Story image

Two Auckland mobile traders fined $171,500 for contract failing

16 Jun 16

Two mobile traders have been fined $171,500 in the first sentencing under the strengthened Credit Contracts and Consumer Finance Act 2003 laws.

Goodring Company was fined $98,000 for breaches while Betterlife Corporation was fined $73,500.

The two Auckland companies sell consumer goods, including electronics, on credit at ‘significantly’ higher prices than mainstream stores. One Betterlife customers purchased an iPhone 5C for $2401, when the Commerce Commission says the phone typically retails for around $600.

As reported by ChannelLife in April, the traders pleaded guilty to the charges brought by the Commerce Commission.

Goodring plead guilty to 28 charges while Betterlife plead guilty on six.

The Commerce Commission says both companies failed to provide borrowers with the legally required information and the information was also not provided in a clear and concise way, as required by the Act, which was strengthened last year.

In sentencing in the Auckland District Court, Judge Sharp said both companies terms and conditions suffered from ‘serious and significant deficiencies’ and accepted that they would have been extremely difficult or impossible for the debtors to read or understand.

Mary-Anne Borrowdale, Commission general counsel, says the Commission regarded the conduct of Betterlife and Goodring as serious because of the deficiencies in their loan contracts.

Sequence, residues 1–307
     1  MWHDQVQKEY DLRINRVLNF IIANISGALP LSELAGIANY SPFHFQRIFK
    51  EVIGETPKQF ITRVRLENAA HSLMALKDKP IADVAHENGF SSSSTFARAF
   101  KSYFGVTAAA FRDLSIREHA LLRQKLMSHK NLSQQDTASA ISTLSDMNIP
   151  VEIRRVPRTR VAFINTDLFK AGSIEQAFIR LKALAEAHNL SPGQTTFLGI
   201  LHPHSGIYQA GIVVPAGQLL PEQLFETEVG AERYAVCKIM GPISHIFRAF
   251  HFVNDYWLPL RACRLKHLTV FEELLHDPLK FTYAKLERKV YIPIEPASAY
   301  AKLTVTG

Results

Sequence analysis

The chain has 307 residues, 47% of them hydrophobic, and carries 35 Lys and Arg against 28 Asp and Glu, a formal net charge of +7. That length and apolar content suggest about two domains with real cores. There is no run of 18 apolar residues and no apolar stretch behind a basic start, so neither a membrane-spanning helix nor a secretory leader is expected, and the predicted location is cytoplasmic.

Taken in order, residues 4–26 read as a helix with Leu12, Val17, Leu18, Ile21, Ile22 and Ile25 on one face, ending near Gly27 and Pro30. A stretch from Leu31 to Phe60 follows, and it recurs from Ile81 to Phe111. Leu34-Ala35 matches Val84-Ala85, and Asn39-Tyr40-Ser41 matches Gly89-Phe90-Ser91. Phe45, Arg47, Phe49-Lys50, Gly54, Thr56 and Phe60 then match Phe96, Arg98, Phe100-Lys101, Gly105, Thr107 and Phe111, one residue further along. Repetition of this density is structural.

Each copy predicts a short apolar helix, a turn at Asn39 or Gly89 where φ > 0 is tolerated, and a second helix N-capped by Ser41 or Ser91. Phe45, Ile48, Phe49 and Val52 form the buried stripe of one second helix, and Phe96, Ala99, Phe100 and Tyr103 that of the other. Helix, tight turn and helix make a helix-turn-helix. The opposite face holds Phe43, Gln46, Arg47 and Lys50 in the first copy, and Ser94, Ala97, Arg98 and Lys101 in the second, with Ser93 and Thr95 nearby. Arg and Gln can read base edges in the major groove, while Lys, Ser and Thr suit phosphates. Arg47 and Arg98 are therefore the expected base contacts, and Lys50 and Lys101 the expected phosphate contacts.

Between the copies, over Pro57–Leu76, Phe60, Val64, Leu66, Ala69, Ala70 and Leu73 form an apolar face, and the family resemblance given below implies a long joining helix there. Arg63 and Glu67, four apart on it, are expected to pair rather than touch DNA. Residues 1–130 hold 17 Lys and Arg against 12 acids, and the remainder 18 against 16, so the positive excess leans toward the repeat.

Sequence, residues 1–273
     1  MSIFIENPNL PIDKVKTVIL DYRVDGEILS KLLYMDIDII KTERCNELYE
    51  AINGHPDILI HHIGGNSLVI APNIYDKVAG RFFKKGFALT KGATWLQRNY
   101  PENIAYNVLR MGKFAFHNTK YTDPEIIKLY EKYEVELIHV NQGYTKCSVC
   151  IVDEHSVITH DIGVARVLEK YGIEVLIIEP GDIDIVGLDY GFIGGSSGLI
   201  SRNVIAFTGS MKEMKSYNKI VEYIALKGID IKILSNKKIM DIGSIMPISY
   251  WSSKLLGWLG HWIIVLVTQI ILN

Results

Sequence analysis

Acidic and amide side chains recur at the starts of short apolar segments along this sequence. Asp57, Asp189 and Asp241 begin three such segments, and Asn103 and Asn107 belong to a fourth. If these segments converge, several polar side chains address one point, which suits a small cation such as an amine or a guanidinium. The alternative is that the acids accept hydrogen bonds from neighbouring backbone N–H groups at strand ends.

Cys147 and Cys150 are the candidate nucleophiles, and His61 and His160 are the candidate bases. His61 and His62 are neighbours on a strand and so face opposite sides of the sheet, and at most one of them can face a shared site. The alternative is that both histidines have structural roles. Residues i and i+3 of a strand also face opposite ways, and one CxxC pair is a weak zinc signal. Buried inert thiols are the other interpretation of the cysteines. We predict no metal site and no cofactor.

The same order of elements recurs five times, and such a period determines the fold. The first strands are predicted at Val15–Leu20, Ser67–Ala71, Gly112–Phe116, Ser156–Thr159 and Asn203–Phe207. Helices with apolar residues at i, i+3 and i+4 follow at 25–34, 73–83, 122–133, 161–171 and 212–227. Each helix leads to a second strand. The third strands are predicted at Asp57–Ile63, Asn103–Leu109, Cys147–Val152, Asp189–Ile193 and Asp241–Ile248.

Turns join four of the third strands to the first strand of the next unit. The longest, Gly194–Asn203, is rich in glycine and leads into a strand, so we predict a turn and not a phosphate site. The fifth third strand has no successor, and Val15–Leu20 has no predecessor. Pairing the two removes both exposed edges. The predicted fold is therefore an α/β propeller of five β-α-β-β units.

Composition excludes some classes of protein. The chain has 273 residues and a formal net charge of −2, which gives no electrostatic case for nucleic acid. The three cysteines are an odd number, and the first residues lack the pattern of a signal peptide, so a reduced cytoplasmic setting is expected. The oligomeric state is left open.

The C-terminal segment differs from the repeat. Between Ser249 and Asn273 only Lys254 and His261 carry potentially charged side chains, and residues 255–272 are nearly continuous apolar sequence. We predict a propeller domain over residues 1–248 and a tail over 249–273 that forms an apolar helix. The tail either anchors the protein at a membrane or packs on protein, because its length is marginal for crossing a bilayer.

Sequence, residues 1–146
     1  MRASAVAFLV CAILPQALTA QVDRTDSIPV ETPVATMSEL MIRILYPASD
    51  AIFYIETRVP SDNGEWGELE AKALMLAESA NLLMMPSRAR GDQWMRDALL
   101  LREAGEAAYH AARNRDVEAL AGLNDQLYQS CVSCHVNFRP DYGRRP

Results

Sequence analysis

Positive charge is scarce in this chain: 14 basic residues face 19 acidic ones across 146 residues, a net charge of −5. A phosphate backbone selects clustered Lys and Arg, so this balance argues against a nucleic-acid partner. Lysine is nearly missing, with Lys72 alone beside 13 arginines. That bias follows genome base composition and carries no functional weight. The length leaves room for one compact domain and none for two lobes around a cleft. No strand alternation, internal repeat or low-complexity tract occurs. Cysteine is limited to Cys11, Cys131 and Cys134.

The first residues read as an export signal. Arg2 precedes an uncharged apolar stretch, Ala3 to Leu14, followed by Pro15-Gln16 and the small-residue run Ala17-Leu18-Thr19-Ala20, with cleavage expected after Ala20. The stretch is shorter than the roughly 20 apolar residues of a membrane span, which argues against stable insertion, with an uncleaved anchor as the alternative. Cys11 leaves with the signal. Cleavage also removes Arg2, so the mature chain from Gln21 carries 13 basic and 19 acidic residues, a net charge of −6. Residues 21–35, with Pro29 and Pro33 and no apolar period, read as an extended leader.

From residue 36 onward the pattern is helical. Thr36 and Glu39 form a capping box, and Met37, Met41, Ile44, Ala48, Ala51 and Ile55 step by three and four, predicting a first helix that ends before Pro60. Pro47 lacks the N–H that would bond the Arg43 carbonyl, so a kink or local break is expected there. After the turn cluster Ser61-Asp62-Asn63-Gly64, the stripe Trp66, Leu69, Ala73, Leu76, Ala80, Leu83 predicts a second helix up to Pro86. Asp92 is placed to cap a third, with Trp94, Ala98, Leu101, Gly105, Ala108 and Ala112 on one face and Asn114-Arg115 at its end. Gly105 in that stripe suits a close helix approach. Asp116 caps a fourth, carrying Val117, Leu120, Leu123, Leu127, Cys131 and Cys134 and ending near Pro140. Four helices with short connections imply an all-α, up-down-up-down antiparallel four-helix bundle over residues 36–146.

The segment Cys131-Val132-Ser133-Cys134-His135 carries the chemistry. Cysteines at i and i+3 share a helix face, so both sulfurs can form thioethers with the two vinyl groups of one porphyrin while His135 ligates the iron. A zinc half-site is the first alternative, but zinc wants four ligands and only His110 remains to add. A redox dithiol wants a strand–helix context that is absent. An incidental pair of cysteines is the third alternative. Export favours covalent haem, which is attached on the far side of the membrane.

“Although the penalties given in this case were more than previously, we are considering whether they are adequate to address the non-compliance that we are seeing,” Borrowdale says.

She warned that the consumer watchdog has a ‘good number’ of other court cases and 14 ongoing investigations into mobile traders underway..

“These companies sell high priced goods to vulnerable consumers on credit in order to fund the purchase,” she says.

“We have found that a concerning number of mobile traders and lenders do not comply with the law, and we are taking action to change that,” she adds.

The Commission has prosecuted six mobile traders this year, including the latest two.

In February Flexi Buy was fined $50,000, with $3480 awarded in damages to customers. Ace Marketing plead guilty and is expected to be sentenced in July, while Macful International appeared in court this week on 21 charges. The sixth trader is yet to appear in court.

Commerce Commission report shows fibre is hot on the heels of copper
The report shows that as of 30 September 2018 there were 668,850 households and businesses connected to fibre, an increase of 45% from 2017.
Wearables market flourishing - fuelled by smartwatches
A market that has stuttered in the past now has a bright forecast as adoption of wearable technology continues to thrive.
The tech that helped the first woman to sail around Australia
Lisa Blair used devices from supplied by Pivotel to aid her in becoming the first woman to circumnavigate Australia non-stop.
Why there will be a battle for the cloud in 2019
Cloud providers such as AWS, Azure, and Google will likely find themselves in a mad scramble to gain additional enterprise customers.
Mercury Energy sells smart meter business for $270m
“Metrix’s large installed meter base, deep customer relationships and innovation platform, make this a natural acquisition."
IDC: Manufacturing, retail/wholesale biggest cloud spenders
"Industry cloud growth rates will continue to accelerate over the next three years, which is very unusual for multi-billion-dollar markets,”
Dell EMC embeds security in latest servers
Dell EMC's 14th generation of PowerEdge servers has comprehensive management tools to provide security across hardware and firmware.
Hands-on review: The Logitech R500 laser presentation remote
With a clever ergonomic design, you’ll never have to glance at the device, unless you deliberately look to use the built-in laser pointer to emphasise your presentation.